Backpacking 101: Cheap International Calls

It’s no secret that you can make free voice and video calls from Skype to your friends and family. But it only works when the other person is logged into Skype and both of you have a reliable broadband connection. What if you want to call someone’s mobile phone or landline? Here’s how:

Calling Cards
These dinosaurs still exist and still offer relatively competitive rates. You can buy them in just about any convenience store or kiosk around the world. But you still need to find a landline which you can use for free and there’s also the annoyance of having to punch in the access number, the pin code, and finally the number you’re going to call. Personally, I never use them.

Google Voice
This service is free to use and better yet, you can make free calls and text messages to the US and Canada from anywhere in the world directly from your computer or mobile device. To call other countries, simply add credit, dial the number you want to call, and start talking! On a mobile device, you’ll need to sign up for Google Voice first on a computer, then install the Talkatone app on your device. Calling rates can be found here: https://www.google.com/voice/rates

Skype
Did you know that you can call tollfree (freephone) numbers for free from Skype? For example, if you need to call your bank you can call their 800 (0800 if you’re from the UK) number for free directly from Skype. To call mobiles and landlines, simply add credit to your Skype account and use the keypad to place a call. Rates are competitive (around US$ 2.6c/min to Australia) and comparative if not identical to Google Voice.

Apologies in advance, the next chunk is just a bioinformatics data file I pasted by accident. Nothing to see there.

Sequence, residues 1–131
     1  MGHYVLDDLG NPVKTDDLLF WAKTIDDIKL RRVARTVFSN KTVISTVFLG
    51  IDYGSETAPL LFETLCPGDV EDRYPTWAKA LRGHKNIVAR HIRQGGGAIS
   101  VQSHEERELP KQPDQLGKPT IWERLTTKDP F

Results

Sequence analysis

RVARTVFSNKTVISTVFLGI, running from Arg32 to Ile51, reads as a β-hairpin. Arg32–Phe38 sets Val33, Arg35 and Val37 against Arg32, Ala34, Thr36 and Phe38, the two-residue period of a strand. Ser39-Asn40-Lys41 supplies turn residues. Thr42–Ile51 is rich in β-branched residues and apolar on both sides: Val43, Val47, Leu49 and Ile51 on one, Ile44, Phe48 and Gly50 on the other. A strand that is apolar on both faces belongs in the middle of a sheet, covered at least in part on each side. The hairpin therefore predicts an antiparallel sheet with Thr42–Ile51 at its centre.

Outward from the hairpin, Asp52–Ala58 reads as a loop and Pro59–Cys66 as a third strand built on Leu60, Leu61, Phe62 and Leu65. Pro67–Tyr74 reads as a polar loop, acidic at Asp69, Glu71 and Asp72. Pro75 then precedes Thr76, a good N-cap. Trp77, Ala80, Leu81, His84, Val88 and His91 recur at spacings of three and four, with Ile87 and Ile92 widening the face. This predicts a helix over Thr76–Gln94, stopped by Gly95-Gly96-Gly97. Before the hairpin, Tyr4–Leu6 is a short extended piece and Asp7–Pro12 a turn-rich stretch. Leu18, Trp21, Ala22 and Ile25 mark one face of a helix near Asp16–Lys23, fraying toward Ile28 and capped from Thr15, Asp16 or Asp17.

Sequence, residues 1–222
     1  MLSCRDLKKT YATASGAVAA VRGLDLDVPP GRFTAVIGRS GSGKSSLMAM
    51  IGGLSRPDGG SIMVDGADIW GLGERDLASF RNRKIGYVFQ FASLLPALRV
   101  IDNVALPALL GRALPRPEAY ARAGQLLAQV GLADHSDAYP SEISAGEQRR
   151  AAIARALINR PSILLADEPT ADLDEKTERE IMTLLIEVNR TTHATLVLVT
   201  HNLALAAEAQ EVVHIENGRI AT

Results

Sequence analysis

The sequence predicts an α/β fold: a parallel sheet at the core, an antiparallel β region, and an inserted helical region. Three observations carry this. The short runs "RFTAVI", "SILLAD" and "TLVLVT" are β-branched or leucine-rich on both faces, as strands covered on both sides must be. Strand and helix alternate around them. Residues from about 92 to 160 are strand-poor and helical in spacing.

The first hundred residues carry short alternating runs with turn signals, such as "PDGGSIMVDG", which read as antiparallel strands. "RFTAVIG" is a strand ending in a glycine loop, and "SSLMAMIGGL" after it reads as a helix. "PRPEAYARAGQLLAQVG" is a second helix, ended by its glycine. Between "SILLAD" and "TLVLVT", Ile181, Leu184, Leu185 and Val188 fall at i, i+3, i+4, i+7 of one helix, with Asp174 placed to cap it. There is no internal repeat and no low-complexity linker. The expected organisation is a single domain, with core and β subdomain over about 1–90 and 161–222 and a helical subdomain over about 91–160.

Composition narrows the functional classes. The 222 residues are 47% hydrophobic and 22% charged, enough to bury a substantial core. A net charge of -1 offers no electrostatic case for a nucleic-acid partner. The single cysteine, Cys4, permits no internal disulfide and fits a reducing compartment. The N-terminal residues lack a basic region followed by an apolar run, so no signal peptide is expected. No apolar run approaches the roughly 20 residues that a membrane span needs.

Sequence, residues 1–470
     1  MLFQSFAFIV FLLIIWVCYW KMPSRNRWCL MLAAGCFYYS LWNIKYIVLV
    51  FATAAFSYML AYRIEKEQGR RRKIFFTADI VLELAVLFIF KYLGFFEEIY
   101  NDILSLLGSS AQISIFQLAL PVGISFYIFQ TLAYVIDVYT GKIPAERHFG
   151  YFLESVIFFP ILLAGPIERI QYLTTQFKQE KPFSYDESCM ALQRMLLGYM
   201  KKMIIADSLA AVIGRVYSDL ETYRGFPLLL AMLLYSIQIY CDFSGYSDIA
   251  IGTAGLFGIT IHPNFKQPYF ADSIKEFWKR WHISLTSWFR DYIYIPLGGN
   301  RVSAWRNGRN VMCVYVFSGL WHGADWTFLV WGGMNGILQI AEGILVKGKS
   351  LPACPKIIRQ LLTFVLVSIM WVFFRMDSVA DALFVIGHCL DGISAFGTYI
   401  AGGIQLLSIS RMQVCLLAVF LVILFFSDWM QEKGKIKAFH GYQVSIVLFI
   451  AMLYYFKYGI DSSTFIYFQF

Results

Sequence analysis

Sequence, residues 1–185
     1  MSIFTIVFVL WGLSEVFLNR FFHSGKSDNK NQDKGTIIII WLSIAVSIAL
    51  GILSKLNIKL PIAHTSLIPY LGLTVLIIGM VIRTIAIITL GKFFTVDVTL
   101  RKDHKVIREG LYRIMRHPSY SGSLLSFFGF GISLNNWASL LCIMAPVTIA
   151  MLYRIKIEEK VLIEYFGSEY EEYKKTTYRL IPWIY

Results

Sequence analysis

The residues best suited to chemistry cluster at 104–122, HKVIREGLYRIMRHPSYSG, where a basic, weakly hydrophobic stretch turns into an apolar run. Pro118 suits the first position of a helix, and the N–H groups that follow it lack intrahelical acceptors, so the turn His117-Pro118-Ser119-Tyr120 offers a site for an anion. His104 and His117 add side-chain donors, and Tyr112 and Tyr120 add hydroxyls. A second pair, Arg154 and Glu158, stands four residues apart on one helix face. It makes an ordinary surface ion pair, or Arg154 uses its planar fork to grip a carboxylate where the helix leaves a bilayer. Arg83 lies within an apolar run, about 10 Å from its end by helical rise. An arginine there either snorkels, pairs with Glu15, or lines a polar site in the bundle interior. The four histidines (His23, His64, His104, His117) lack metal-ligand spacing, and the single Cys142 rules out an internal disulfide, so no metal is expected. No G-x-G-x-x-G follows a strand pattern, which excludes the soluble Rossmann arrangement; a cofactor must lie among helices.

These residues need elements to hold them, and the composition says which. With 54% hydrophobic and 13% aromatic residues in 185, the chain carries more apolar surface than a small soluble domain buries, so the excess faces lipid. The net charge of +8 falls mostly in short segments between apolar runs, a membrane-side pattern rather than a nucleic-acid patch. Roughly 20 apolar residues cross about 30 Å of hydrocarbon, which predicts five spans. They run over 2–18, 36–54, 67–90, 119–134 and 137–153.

The ubiquitous London phone booth

The ubiquitous London phone booth

Mobile Roaming
Unless you don’t mind arguing with your carrier over the massive bill you’ll get when you return home, leave your phone in airplane mode while you’re abroad. Or better yet, remove the SIM card. In airplane mode, you can still use wifi.

International SIM Cards
Buying a prepaid SIM card in the country that you’re in allows you to stay connected on the move. You get cheap rates for local calls and in most countries (other than the US), incoming calls are free. You’ll still have the convenience of being able to make calls as you please (for that last minute restaurant reservation) with the security of knowing that you won’t get that huge phone bill when you return home. Don’t forget, you’ll need an unlocked phone for this.

Borrow Someone Else’s Phone
If you’re in a pinch, it never hurts to ask to borrow someone else’s mobile phone to place a local call. I got stuck at the Guatemala – El Salvador border and a money changer was kind enough to let me use his mobile. What a guy!

Do you have any other money-saving phone tips? Share the love!

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